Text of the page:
Sunday, November 1, 2020

The freedom of the press still furnishes that check upon government which no constitution has ever been able to provide – Chicago Tribune.

Home Issue 34 Four more years of spin

Four more years of spin

COMMENT by ERWIN CHLANDA

“Media out!”

That was the impertinent instruction from Dale Wakefield’s minder when I arrived at Labor’s “after party” in the Todd Tavern soon after polling booths closed in the 2020 election.

We local journalists, including the ABC’s Katrina Bevan and News Corporation’s Jamal Ben Haddou (both pictured above in a piece-to-camera by Ms Bevan) had to practice our craft in the street.

I was told by the first Member of Gwoja, Chansey Paech, that the Aboriginal people inside did not wish to be photographed.

And so a minority considered itself entitled to interfere with a time-honoured democratic tradition, allowing media to paint a lively picture of the immediate aftermath of an election – the laughs and the tears.

The local Labor apparatchiks later in the evening changed their minds but it was too late for the ABC to send footage from inside to its admirably comprehensive coverage of the poll.

The rude minder’s boss is unlikely to do any more damage to freedom of speech because she’s unlikely to survive – as a Member and a minister – the 2020 election.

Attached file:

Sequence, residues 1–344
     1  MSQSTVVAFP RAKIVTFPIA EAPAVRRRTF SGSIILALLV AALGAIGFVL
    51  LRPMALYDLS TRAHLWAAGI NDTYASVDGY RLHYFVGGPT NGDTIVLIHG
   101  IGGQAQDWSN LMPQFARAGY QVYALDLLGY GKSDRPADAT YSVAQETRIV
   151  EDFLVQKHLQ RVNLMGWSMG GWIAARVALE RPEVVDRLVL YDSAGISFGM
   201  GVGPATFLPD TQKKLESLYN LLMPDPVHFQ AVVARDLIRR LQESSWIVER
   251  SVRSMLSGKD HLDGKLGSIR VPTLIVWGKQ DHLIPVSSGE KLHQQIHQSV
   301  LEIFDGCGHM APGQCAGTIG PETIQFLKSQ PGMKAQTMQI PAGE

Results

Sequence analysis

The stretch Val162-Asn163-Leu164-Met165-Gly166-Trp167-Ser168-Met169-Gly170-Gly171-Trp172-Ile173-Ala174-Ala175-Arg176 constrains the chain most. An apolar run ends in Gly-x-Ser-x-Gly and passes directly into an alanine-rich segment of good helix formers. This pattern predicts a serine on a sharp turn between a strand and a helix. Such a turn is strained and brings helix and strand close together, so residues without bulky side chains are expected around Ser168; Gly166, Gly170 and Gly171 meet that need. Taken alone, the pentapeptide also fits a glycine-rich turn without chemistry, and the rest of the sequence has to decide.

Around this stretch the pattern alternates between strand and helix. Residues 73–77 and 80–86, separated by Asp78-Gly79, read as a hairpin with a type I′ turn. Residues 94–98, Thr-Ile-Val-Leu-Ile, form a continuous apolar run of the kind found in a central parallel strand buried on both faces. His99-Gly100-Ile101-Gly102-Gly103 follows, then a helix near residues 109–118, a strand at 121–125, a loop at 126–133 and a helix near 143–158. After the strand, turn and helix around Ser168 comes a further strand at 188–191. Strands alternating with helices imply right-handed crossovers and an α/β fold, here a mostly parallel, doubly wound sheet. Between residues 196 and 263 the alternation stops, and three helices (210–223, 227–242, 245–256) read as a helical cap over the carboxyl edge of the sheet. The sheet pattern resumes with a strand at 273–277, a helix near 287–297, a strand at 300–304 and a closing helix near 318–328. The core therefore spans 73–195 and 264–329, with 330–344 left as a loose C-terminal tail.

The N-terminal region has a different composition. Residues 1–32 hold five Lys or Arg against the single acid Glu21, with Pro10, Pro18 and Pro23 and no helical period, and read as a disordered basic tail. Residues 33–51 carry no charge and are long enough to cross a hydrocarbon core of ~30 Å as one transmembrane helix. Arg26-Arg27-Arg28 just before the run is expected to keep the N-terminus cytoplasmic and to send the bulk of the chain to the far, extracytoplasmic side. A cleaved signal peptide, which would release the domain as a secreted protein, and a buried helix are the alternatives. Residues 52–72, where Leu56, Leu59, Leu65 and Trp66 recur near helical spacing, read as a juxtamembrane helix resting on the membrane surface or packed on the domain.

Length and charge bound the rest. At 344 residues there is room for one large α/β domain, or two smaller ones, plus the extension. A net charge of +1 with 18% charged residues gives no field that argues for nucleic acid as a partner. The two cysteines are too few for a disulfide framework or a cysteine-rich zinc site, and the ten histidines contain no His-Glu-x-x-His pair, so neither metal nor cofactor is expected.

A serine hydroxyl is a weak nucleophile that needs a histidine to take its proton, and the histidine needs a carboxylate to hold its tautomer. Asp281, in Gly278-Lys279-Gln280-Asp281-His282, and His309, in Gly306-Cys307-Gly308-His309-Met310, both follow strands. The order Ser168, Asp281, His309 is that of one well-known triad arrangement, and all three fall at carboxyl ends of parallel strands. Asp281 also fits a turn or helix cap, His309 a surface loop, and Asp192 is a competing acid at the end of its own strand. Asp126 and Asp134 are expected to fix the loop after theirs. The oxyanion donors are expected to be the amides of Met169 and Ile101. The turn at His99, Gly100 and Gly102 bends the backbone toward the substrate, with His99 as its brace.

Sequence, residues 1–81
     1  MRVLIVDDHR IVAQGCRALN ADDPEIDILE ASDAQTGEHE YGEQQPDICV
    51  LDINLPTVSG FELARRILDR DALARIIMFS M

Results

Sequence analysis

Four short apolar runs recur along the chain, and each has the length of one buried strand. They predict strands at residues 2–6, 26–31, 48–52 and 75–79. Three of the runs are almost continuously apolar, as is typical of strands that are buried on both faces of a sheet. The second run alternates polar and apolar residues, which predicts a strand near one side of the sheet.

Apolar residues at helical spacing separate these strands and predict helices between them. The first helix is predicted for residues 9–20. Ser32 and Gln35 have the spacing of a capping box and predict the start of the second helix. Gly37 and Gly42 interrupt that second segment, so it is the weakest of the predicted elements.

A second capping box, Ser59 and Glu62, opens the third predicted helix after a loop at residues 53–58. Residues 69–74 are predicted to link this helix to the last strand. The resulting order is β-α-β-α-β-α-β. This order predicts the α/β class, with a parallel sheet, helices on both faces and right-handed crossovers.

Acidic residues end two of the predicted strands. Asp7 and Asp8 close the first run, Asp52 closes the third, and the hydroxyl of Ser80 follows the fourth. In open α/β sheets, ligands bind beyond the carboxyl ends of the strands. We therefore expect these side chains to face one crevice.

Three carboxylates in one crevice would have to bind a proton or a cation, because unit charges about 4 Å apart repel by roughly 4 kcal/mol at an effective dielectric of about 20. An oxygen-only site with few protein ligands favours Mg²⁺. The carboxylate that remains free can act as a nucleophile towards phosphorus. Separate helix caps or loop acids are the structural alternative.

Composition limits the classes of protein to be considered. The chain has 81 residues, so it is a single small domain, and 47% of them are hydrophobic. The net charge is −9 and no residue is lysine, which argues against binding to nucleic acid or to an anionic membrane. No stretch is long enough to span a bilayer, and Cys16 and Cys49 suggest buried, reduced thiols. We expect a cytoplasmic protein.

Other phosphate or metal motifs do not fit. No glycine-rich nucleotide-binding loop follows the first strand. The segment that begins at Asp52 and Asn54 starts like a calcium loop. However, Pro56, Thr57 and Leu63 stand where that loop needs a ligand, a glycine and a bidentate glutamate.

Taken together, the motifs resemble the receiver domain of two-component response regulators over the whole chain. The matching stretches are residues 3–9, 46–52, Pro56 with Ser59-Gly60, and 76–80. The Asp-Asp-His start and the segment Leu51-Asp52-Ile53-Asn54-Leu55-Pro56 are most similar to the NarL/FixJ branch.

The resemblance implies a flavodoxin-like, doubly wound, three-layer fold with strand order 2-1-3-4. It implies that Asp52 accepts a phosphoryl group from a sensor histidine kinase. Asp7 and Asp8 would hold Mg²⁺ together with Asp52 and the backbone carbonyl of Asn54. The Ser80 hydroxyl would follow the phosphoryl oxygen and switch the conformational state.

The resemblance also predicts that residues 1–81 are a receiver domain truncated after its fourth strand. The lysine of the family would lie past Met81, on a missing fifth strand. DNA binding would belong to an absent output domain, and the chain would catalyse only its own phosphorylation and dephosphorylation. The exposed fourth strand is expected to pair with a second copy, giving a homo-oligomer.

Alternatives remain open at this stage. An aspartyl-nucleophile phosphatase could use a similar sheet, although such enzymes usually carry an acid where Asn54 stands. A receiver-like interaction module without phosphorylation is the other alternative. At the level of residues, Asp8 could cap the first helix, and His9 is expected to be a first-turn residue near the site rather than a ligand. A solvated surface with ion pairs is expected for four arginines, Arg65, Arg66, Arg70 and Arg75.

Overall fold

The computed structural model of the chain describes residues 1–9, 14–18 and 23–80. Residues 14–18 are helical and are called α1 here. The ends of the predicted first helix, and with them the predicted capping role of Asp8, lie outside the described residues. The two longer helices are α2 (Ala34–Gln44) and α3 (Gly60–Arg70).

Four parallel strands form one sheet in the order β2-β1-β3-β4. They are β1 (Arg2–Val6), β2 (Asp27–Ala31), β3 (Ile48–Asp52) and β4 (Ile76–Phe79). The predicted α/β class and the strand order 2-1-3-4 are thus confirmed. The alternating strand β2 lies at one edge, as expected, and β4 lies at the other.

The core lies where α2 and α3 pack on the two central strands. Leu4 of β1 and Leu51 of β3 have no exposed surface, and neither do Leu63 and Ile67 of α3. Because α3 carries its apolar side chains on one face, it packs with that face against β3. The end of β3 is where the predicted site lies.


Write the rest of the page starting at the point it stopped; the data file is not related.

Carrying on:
The News was at the after party in 2016 (I took this photo) when Federal Member Warren Snowdon predicted, accurately, that Dale Wakefield would be elected, by 27 votes, as it turned out.

Is the attitude to professional media doing their job going to get any better? Doesn’t look like it.

Ms Wakefield is likely to be replaced by Joshua Burgoyne who did not agree to be interviewed by the Alice Springs News about his party’s election platforms, despite repeated requests from us, starting in May.

ABOVE: There was no answer from Burgoyne to the text from the News on August 14. In between those texts reporter JULIUS DENNIS made several phone calls to CLP candidates and staff which similarly did not result in an interview.

Mr Burgoyne has previously stood, unsuccessfully, for the Town Council in 2016, for the Senate last year, and is the son-in-law of former Mayor Damien Ryan who contested the adjoining seat of Araluen.